Osteopore eyes more collaborations to globalise regenerative implants
- Leading the bioresorbable scaffold tissue engineering space, Osteopore’s technology boasts 50,000 successful treatments using patients’ cells and growth factors
Country Business Reports interviews and articles by Discovery Reports
After revolutionising reconstructive surgeries with regenerative implants that promote natural bone healing and tissue repair, Osteopore International is globalising its devices for broader use in dental, orthopaedic and spinal surgeries. Listed on the Australian Securities Exchange, Osteopore is a start-up made possible through research conducted by the National University of Singapore, National University Hospital and Temasek Polytechnic.
“The future of health care, in rebuilding human tissue lost through trauma, surgery or cancer and other chronic diseases, is already here,” says CEO Goh Khoon Seng.
Leading the bioresorbable scaffold tissue engineering space, Osteopore’s technology boasts 50,000 successful treatments using patients’ cells and growth factors. This method has proven more viable than growing cells in a lab for subsequent implant – a pathway posing many regulatory barriers. As Osteopore’s method involves no cell manipulation, it is safer for patients, easier for surgeons to perform, less time consuming and more cost-effective.
Off-the-shelf products such as Osteoplug and Osteomesh are readily available for neurosurgery, plastic reconstruction and aesthetic surgery, and craniofacial surgery. Customised devices are also provided in 3D-printed scaffolds. Meanwhile, investigative devices in development include semi-flexible resorbable membranes in dental surgery that help upwards bone growth, and specialised scaffolds staving off total knee replacement in middle-aged patients.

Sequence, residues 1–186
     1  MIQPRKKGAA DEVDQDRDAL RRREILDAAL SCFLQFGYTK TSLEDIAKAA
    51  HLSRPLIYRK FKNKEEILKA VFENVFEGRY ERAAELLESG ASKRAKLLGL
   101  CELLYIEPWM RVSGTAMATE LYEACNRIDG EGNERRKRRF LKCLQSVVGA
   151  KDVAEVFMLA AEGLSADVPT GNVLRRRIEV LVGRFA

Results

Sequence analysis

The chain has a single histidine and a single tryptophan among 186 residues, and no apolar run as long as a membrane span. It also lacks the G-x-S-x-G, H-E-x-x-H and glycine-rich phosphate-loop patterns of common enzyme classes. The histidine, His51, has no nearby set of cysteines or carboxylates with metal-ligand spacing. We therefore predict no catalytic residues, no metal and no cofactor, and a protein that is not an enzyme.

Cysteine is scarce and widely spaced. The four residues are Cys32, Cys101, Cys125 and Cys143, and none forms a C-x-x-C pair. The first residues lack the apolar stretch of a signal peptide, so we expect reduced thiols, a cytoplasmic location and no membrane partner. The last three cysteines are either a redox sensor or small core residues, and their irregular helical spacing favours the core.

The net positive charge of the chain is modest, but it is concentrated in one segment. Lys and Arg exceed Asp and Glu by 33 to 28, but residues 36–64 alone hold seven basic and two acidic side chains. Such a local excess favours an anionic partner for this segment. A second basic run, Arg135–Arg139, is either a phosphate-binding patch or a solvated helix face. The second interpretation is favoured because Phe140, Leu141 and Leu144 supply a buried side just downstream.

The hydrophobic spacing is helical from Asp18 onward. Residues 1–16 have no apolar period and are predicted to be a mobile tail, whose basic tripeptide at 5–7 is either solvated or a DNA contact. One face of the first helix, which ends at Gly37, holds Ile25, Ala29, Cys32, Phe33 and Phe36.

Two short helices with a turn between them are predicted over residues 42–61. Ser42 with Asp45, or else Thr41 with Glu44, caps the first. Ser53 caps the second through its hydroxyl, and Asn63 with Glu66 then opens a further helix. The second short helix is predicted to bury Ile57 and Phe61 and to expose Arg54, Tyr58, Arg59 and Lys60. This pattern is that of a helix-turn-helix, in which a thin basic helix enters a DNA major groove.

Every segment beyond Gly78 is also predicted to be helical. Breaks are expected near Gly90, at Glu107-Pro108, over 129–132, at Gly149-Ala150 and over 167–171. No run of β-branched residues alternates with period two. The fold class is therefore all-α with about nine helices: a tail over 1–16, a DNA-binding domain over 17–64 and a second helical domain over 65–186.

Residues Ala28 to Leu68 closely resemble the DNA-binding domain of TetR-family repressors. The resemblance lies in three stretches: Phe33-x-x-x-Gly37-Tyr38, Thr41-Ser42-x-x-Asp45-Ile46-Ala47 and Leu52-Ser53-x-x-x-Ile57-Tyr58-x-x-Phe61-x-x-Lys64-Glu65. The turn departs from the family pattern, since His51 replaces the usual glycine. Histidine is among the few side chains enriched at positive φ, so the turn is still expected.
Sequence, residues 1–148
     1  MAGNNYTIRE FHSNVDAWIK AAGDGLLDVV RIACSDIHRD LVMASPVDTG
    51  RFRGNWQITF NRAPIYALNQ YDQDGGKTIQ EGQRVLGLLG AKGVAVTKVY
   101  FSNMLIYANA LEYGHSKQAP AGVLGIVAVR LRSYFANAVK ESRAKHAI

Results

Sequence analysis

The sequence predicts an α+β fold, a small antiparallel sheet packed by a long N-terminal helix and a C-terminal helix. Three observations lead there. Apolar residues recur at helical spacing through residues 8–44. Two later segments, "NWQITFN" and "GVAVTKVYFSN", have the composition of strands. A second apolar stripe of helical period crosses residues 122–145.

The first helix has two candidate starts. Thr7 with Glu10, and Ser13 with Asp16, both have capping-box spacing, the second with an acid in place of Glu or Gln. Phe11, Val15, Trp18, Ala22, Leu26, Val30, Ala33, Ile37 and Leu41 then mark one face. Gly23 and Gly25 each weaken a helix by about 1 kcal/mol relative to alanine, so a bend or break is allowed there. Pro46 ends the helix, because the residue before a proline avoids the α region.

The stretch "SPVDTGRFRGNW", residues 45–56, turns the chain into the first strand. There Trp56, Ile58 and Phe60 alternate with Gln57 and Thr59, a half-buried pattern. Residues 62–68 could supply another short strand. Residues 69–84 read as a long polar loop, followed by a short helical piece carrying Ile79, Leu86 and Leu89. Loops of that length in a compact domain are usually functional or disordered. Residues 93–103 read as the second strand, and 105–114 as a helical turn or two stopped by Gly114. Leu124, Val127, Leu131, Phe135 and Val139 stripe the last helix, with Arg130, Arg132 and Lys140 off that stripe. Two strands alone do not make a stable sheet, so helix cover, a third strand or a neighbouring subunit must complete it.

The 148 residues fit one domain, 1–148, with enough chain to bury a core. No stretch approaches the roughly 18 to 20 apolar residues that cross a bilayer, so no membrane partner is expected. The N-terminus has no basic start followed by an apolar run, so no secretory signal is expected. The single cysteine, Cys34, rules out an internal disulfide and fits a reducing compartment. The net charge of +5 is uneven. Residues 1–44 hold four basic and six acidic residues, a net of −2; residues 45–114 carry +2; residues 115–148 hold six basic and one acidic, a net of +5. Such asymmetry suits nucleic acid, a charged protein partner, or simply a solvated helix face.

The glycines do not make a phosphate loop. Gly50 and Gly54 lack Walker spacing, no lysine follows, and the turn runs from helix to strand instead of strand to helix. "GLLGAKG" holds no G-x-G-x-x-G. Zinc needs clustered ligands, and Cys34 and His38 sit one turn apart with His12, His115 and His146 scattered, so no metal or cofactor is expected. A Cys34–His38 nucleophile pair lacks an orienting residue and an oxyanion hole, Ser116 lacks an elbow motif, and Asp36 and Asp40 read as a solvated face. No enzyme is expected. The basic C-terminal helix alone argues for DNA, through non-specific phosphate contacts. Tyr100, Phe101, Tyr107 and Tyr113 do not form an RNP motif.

Osteopore also develops products complementing solutions from Johnson and Johnson, Stryker and Terumo, and works with university hospitals in Singapore, Australia and Germany to establish surgical protocols and develop new therapeutic applications.
Expansion in Europe, the United States and Australia will increasingly target the aged who are more vulnerable to complications from permanent implants. The regulatory process to enter the Chinese market has likewise begun.
“We wish to collaborate with innovators having complementary technologies in order to quickly grow our regenerative medicine and tissue engineering technology towards benefiting more patients,” Goh says.